POLITICS

Canada's Syria Contribution Seems Likely, But Nation Not Eager

08/28/2013 10:30 EDT | Updated 10/28/2013 05:12 EDT

Canada is likely to assist with any international intervention in Syria, but Prime Minister Stephen Harper has not followed British PM David Cameron's lead and recalled Parliament from its summer break, and the public remains reluctant about getting involved in foreign military missions.

A Harper spokesman said it was "premature" to discuss bringing MPs back to work.

The government has condemned the Syrian regime for what it has called the "absolutely abhorrent" chemical weapons attack on its own people, but Foreign Affairs Minister John Baird sounded hesitant Monday when he said the crisis is entering a "dangerous new phase" and that Canada will work with the UN to investigate the facts on the ground.

Opposition leader Thomas Mulcair sounded a similarly cautious note Monday, saying Canada should work through International law one step at a time. He did not, however, rule out support for a military intervention.

Harper talked with U.S. President Barack Obama Tuesday and a spokesman said "both leaders agreed that significant use of chemical weapons merits a firm response from the international community in an effective and timely manner."

The government seems far from eager to contribute to any potential Western mission, but contributions in Libya and Mali suggest Canada will eventually get on board.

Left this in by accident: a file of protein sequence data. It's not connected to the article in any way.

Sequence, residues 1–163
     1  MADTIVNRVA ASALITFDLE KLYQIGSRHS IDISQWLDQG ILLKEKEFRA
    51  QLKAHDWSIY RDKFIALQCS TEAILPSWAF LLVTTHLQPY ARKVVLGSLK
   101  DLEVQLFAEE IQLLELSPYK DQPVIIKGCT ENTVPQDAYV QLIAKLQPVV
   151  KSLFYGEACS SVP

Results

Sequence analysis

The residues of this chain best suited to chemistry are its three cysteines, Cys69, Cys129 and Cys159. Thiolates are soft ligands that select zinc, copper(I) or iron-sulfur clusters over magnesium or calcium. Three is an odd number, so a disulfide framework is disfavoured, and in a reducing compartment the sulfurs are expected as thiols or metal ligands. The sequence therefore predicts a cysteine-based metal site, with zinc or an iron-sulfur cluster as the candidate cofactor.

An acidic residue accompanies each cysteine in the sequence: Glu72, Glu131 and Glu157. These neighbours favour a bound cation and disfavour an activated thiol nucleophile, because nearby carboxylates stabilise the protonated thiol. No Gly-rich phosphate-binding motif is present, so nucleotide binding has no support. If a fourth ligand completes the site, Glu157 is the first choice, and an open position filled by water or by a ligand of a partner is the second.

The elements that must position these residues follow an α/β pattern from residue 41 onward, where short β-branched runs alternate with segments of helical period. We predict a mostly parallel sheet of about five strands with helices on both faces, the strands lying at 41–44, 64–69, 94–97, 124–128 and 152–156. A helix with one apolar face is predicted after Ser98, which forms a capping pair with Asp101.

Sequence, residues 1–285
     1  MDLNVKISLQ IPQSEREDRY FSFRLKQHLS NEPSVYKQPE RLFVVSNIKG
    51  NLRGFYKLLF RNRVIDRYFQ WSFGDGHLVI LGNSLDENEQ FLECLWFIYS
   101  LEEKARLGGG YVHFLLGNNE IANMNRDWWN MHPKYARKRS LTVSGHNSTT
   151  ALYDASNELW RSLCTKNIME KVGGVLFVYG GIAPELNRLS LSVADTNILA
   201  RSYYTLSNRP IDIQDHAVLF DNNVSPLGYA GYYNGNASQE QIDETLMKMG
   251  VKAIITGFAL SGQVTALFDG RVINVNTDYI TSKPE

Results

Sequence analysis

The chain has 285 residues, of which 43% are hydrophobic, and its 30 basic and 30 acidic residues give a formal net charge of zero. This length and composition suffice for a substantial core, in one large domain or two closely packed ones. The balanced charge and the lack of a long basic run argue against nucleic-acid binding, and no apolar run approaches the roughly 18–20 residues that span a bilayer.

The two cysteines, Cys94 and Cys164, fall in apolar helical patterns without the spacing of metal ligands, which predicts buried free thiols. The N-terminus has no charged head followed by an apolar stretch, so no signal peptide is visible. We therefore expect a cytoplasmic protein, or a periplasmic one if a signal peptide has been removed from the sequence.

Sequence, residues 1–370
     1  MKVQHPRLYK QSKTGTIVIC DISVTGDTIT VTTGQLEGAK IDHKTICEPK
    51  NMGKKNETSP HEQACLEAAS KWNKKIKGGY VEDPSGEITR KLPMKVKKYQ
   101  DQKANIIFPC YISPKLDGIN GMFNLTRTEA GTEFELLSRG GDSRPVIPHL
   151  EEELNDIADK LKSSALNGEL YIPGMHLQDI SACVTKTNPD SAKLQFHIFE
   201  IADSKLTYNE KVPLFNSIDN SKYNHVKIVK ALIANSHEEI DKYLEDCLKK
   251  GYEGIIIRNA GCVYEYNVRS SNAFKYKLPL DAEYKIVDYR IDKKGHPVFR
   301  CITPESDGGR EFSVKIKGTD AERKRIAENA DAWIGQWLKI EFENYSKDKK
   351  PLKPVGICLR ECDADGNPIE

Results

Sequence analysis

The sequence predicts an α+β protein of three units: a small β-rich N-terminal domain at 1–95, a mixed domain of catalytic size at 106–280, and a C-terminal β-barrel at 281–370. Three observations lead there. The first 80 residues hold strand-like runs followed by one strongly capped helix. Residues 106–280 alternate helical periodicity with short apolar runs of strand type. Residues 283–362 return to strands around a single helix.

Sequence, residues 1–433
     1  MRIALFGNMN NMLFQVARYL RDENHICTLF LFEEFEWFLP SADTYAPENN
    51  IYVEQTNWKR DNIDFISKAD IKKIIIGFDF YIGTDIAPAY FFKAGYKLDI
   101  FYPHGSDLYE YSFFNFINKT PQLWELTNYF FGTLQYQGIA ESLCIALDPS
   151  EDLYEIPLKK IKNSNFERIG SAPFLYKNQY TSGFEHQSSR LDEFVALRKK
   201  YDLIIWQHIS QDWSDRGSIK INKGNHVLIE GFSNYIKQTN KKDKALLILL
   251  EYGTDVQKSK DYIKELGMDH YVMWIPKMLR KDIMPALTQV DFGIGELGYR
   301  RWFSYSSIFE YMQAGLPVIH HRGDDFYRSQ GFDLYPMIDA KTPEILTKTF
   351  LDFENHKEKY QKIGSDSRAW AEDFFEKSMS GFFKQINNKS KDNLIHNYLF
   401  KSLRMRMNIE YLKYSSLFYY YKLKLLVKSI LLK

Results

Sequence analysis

Canada contributed a naval frigate, fighter jets, surveillance and transport planes and pilots, flight crews and technicians, to the 2011 air campaign in Libya. In Mali, Canada sent a heavy transport plane to assist with the French mission.

The Conservative government was backed by the all the opposition parties on action in Libya, but the price tag for the mission was heavily criticized after the fact. That criticism may have contributed to the government's firm stand not to send ground forces to Mali.

Canada's decision to stay out of the war in Iraq remains a source of pride, much as avoidance of Vietnam was in the 1960s and 70s, and Canadians often revel in taking a different course from our American allies. Canadians are not quick to support the use of our modest military abroad, and after more than 10 years in Afghanistan, at a cost of 158 lives, hunger for a new war is low.

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